Lucas Herbert says PGA Championship host Southern Hills reminds him of one of his favourite courses in Victoria, Peninsula Kingswood, and it’s making him feel at home on the Tulsa, Oklahoma course.

World No.46 Herbert, one of eight Australians in the field for the PGA Championship, said the moment he stepped foot on Southern Hills, he was instantly reminded of the Frankston, Victoria 36-hole masterpiece. 

“Southern Hills has a feeling about it like Peninsula Kingswood; there are a lot of open spaces off the tee and some shared fairway bunkers which is such a Sandbelt thing,” Herbert told Australian Golf Digest. “The way greens blend into the next tee, almost like there are no defined tees, reminds me a lot of Peninsula.”

Southern Hills, a par 70 measuring 7,500 yards – is a golden age Perry Maxwell design that was restored in 2019 by popular architect Gil Hanse. It has hosted three US Opens and four PGA Championships before this week, most recently in 2007 when Tiger Woods lifted the trophy in extreme Oklahoma heat.

“It’s a great golf course; playing well here is a lot about angles into greens and it’s a great tactical challenge as much as a skills challenge,” Herbert said. “You’ll get the best players in contention at the end of this week because the approach shots ask you to shape the ball and flight it to guarantee yourself a two-putt or even a look at birdie.”

Herbert and his caddie Nick Pugh during a tie for seventh at the Arnold Palmer Invitational in March.

Two things are giving 26-year-old Herbert confidence this week. The first is his length. This writer walked with Herbert in a practice round on a blistering hot Wednesday, and on the 632-yard, par-5 13th (632 yards from the back tee) Herbert hit a 382-yard drive and a 250-yard hybrid to reach it in two. His eagle putt grazed the edge.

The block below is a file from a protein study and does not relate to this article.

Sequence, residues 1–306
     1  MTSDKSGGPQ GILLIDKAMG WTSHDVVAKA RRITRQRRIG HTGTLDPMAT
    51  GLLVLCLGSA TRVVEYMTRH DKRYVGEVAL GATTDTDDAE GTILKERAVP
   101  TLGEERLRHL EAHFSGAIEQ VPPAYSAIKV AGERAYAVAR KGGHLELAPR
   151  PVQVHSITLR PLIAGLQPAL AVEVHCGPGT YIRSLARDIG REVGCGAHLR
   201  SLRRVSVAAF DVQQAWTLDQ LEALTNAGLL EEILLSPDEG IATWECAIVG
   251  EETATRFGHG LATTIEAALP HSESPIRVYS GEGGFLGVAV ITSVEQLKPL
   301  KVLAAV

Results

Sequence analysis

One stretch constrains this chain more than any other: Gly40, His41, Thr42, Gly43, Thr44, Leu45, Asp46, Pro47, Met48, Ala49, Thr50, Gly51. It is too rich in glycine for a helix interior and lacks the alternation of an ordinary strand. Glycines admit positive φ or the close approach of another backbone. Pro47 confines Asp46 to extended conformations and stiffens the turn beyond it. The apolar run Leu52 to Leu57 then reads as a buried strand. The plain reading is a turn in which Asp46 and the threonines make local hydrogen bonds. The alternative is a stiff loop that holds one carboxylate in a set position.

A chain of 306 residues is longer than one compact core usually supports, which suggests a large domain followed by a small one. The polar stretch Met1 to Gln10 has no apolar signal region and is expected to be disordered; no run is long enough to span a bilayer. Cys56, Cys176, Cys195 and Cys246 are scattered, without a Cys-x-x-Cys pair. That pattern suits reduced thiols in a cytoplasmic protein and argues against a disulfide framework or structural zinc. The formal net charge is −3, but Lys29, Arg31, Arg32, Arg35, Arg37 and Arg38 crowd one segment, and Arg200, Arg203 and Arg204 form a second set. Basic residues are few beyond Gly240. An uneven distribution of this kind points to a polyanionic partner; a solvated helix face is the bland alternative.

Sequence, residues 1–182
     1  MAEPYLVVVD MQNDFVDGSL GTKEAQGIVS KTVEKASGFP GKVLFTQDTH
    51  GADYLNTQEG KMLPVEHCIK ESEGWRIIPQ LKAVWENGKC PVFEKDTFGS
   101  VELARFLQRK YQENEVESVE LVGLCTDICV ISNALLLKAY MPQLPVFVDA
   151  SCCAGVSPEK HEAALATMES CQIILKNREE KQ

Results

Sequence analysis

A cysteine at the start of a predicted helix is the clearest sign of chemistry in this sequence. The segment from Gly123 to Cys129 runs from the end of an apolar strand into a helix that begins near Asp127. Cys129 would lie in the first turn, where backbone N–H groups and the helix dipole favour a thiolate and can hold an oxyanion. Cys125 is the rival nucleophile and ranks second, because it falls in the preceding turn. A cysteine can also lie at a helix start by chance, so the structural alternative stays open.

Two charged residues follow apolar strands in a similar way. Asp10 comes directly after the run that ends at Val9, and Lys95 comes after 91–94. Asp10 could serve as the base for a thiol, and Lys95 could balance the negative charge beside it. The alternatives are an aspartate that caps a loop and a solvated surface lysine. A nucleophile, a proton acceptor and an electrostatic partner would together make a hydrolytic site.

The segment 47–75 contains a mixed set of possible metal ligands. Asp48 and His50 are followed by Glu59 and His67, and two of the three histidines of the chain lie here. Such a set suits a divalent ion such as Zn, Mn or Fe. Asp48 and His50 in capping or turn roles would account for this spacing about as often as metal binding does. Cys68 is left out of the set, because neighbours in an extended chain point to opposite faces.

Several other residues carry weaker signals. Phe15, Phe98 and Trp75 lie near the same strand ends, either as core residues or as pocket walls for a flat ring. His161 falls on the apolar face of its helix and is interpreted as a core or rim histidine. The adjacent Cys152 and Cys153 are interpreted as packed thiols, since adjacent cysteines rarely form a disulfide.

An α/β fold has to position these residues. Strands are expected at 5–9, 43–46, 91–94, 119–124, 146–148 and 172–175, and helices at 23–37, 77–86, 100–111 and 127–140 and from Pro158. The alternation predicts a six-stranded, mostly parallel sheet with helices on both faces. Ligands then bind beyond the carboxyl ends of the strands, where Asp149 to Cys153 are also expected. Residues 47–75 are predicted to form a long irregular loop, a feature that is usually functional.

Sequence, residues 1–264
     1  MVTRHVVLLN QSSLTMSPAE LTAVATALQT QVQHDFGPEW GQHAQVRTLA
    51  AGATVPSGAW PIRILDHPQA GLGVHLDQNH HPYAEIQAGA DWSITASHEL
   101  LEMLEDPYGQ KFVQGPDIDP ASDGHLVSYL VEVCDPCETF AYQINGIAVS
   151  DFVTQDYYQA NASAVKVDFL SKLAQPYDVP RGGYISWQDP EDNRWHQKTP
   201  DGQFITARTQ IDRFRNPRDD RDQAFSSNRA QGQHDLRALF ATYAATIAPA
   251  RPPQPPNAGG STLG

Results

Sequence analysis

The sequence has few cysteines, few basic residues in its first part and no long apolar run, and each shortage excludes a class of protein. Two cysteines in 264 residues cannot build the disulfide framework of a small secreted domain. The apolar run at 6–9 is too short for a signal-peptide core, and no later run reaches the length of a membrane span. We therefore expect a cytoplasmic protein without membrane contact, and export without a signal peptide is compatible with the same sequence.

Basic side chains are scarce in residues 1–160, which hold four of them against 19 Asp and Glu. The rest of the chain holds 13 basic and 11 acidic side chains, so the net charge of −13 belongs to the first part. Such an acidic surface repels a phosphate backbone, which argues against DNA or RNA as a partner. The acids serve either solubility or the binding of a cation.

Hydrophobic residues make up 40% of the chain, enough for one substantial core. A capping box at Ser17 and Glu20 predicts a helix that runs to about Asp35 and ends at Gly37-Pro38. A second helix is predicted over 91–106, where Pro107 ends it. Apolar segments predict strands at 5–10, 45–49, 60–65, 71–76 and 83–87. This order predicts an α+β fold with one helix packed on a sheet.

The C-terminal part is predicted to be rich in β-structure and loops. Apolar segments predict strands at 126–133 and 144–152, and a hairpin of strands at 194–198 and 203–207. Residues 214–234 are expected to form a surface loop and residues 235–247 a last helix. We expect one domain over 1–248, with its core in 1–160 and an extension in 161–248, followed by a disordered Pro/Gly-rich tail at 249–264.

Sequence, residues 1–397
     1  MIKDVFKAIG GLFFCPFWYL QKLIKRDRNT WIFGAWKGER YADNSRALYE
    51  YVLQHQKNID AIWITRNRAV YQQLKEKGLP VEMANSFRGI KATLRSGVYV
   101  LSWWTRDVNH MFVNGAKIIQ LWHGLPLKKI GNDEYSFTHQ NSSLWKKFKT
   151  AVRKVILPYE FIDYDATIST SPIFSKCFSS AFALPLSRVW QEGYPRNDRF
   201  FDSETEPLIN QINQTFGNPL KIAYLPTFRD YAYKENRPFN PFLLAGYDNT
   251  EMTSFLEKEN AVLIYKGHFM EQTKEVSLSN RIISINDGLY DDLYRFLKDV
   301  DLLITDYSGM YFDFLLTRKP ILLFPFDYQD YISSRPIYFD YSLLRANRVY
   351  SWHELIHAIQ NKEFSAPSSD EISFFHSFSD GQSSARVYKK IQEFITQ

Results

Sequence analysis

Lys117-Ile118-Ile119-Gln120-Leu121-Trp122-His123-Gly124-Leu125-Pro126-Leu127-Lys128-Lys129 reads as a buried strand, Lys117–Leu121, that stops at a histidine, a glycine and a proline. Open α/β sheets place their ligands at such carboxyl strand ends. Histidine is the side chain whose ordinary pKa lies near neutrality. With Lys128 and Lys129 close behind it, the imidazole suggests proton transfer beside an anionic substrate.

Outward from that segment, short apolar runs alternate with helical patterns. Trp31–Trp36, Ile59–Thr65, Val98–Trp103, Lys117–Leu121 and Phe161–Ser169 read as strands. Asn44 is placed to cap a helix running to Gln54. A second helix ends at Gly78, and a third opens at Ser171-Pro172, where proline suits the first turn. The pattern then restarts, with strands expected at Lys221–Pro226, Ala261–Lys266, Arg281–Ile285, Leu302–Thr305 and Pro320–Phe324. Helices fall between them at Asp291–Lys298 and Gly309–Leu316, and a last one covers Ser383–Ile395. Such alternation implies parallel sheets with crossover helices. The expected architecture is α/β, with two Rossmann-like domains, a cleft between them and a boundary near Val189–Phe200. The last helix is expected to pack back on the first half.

“If I can keep it straight at my length it’s going to be good for me,” Herbert said.

Hebert has also adjusted the lie angles of his driver and irons to suit his swing. He now feels he has the ideal setup.

“I feel I’ve turned the corner with my driver; I struggled to match up my setup,” he said. “The whole bag was off and I’ve done a bit of work on the equipment and I feel it’s going to payoff.”

Now feeling better about his overall game, Herbert feels able to finish off the year strong after missing three cuts so far this year. Herbert says despite winning the Bermuda Championship in November for his maiden PGA Tour title, the adjustment from Europe, where he’d won twice, was tougher than he anticipated.

“The PGA Tour is where I’ve always wanted to be; playing against the best and playing tournaments I grew up watching on TV as a kid,” Herbert said. “But it’s also tough. The spotlight is on you, which is good, but these guys are the best of the best. The fields are so deep. 

“If you beat anyone in the field, you’ve played okay. No one is making up the numbers here. A 40th place finish can be a good result.”


Cam Davis, Matt Kuchar, Rikuya Hoshino: 7.55am Thursday/10.55pm AEST

Cam Smith, Viktor Hovland, Will Zalatoris: 8am Thursday/11pm AEST

Matt Jones, Richard Bland, Garrick Higgo: 8.28am Thursday/11.28pm AEST

Min Woo Lee, Ryan Brehm, Wyatt Worthington II: 12.30pm Thursday/Friday 3.30am AEST

Adam Scott, Shane Lowry, Brooks Koepka: 1.03pm Thursday/Friday 4.03am AEST

Marc Leishman, Martin Kaymer, Keegan Bradley: 1.20pm Thursday/Friday 4.20am AEST

Jason Day, Rickie Fowler, Harold Varner III: 1.25pm Thursday/Friday 4.25am AEST

Lucas Herbert, Chad Ramey, Austin Hurt: 2.15pm Thursday/Friday 5.15am Friday AEST